Out of the five committee meetings, three would be private. Is this even legal? And is this really not concerning to PANDORA? Private meetings permit the minority of true ME experts to be marginalized without transparency. Given the IOM’s track record, this should set off very loud alarm bells. But no, PANDORA takes no issue.
“The report will go through an independent external review process.” By whom? I would venture a guess that it won’t be by our experts. Again, not alarming to PANDORA.
Due to the fact that committee members are not paid, clinicians in private practice are often not willing to serve on the committee because, well, they have to pay their bills and feed their families. This is a huge flaw when it comes to creating a disease definition. This is one reason that the IOM contract is an unmitigated disaster. Clinicians arguably know the disease better than anybody, even researchers, because they have a broader picture of the disease. Yet, this seems to be not a problem in PANDORA’s mind. Or if it is, PANDORA kept it to itself.
The IOM prefers committee members “who do not have a strong bias and do not have a financial conflict of interest (ex. [sic] their income is largely dependent on the agency funding the study).” I think (but can’t be sure) the latter point means that members who do have an outside source of income (outside the study) are considered to be biased. This seems to be saying that every ME clinician and researcher is going to be considered biased and, thus, unfit to serve on the committee—the ultimate irony—although something tells me that the IOM will make exceptions for Suzanne Vernon and Fred Friedberg et. al. Even the FDA, on today’s patient call, confirmed that it considers clinicians biased who have been involved in ME research. And yet PANDORA claims to believe that their submitting ME-expert nominations will have a real impact on the composition of the committee. You watch: Our experts will be excluded as biased. Meanwhile, PANDORA and others have given credibility to the nomination process by getting involved.
In deciding who will serve on the committee, the IOM first looks to their own members, whether or not they are experts. This is preposterous. Why are PANDORA’s “advocates” not alarmed?
The GWI advocates told PANDORA that, out of nine GWI IOM studies, one had a good outcome. One out of nine! That is an abysmal track record for the IOM and yet PANDORA is using this as an argument in favor of the IOM contract.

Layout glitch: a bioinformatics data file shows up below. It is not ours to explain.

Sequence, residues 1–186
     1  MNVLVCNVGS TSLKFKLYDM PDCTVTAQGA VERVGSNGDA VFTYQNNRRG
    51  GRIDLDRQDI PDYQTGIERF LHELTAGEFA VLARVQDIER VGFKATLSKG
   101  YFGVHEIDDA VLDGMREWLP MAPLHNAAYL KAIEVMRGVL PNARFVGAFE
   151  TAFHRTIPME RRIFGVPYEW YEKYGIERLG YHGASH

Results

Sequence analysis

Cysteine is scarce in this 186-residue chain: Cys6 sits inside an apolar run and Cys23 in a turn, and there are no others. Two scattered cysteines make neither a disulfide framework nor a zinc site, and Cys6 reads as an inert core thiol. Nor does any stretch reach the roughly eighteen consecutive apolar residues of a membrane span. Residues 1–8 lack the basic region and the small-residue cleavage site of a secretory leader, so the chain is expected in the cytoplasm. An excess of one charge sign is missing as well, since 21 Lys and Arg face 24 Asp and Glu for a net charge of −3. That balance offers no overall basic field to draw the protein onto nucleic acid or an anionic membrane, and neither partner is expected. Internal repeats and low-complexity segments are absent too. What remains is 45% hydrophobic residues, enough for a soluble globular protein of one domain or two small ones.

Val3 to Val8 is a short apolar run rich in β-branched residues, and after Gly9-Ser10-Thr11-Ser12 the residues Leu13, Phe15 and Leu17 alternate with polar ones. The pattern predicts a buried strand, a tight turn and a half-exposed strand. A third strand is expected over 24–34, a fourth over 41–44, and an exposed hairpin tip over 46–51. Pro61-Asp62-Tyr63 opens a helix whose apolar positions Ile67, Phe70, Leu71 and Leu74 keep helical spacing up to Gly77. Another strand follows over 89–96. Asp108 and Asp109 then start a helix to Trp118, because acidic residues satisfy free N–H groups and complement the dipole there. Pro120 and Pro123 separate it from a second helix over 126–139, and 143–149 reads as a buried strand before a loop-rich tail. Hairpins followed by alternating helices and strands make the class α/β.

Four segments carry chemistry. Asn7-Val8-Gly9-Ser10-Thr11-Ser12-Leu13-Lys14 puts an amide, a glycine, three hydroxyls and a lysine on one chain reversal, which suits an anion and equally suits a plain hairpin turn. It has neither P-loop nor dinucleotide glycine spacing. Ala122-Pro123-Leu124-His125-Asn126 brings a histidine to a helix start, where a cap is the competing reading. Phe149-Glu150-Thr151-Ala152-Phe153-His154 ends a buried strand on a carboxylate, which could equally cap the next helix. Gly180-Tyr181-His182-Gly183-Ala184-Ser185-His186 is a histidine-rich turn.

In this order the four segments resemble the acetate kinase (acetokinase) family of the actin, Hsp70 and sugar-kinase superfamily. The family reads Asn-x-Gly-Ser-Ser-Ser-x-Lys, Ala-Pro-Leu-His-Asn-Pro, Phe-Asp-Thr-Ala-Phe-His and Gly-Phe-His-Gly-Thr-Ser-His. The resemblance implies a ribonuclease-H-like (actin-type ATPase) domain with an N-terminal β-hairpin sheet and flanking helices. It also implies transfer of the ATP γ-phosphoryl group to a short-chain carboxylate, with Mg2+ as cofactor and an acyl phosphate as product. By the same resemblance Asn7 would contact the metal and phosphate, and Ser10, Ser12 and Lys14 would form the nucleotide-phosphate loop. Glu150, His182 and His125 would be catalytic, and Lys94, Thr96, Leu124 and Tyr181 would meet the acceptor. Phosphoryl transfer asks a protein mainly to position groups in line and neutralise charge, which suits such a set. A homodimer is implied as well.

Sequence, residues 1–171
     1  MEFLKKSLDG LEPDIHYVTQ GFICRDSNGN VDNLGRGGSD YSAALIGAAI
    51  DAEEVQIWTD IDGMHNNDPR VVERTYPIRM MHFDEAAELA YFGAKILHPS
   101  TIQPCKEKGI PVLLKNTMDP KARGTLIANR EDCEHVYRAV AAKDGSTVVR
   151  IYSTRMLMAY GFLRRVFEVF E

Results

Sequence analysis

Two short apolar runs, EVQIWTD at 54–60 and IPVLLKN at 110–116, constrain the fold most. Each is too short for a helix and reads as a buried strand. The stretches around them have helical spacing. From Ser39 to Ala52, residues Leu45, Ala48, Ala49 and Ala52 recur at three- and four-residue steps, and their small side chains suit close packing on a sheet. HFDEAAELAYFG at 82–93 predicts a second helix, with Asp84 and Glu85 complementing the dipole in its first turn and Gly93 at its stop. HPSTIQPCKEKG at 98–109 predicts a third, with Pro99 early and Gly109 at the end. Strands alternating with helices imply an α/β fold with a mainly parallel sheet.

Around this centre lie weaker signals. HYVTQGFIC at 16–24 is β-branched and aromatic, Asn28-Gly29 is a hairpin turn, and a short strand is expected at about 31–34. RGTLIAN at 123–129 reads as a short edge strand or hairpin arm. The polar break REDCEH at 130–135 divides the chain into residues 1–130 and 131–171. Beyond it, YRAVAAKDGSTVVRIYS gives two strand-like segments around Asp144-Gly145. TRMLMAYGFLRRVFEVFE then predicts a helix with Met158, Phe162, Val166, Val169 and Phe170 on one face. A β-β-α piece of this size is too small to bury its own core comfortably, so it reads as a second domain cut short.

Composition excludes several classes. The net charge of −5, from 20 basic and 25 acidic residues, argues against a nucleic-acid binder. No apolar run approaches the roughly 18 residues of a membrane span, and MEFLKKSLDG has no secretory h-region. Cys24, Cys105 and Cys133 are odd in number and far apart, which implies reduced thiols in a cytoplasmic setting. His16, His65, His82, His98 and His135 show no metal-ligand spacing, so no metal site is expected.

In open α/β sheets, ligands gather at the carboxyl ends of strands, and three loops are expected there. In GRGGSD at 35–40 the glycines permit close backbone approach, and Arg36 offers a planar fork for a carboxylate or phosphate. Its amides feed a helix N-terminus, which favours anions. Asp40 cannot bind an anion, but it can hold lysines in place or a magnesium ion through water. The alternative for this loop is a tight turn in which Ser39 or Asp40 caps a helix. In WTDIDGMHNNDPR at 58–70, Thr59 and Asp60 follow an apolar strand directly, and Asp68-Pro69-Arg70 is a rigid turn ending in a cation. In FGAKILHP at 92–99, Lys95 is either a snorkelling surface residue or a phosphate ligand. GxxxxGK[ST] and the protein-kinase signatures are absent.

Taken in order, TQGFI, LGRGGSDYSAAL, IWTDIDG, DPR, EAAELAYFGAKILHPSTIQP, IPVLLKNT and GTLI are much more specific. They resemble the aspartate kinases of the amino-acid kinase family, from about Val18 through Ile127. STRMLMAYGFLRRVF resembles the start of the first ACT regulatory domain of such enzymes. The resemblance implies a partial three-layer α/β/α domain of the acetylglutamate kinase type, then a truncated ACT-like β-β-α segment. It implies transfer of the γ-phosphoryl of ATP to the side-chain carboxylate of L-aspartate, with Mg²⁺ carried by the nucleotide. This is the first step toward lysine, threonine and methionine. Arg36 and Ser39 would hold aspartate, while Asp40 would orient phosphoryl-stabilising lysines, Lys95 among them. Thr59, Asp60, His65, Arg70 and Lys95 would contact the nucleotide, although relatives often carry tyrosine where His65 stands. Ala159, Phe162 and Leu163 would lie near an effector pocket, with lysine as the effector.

Why So Inaccurate?
Pointing out that ME science has advanced since the CCC were created in 2003 is attempting to set up a false choice. By going with the IOM study, we do not stand to gain a more sophisticated definition that reflects current science more accurately than the CCC. Our only choices are the CCC or an IOM definition that will leave us much worse off than Fukuda ever could. It is naive to think that the IOM case definition could possibly be an improvement of the CCC.
According to the position paper, those GWI advocates I mentioned earlier did not know who would be on their committee until after the members were appointed. This makes it sound as if we will know. That is highly misleading because, in its very nature, an appointment is the point in time when the decision will be made. No outsider will know who will be appointed until after the fact. There is no difference here compared to the GWI proceedings, no improvement.
To claim that “no conclusions have been formed and no report has been released” by the GWI committee is again misleading. The current GWI study is being performed under the GWI IOM contract about the disease definition. The prior study regarding treatment was completed and the report published earlier this year. The treatments recommended were antidepressants, cognitive-behavioral therapy and graded-exercise therapy. In addition, the report changed the name GWI to Chronic Multi-Symptom Illness (CMI), something that is most likely in store for ME as well if the IOM study proceeds. And you thought “chronic fatigue syndrome” was bad!
Why does the position paper tell us that GWI patients were against the IOM study because “patients know that there aren’t any effective treatments?” This is completely irrelevant here because there most definitely are effective treatments for ME, just no FDA-approved ones. This is an argument against the IOM study, not for it. It makes no sense.
Naïve or Co-Opted?
I have no idea what lead to PANDORA’s position: naiveté or having been co-opted or maybe a combination of the two. All I know is that PANDORA acted contrary to the clear wishes of the patient community and our experts. Its actions and even its words speak louder than its transparent propaganda.
As in Greek mythology, today’s-age Pandora has, perhaps (and I hope) unwittingly, unleashed many evils of the ME world and releasing the position paper is its futile attempt to close Pandora’s box.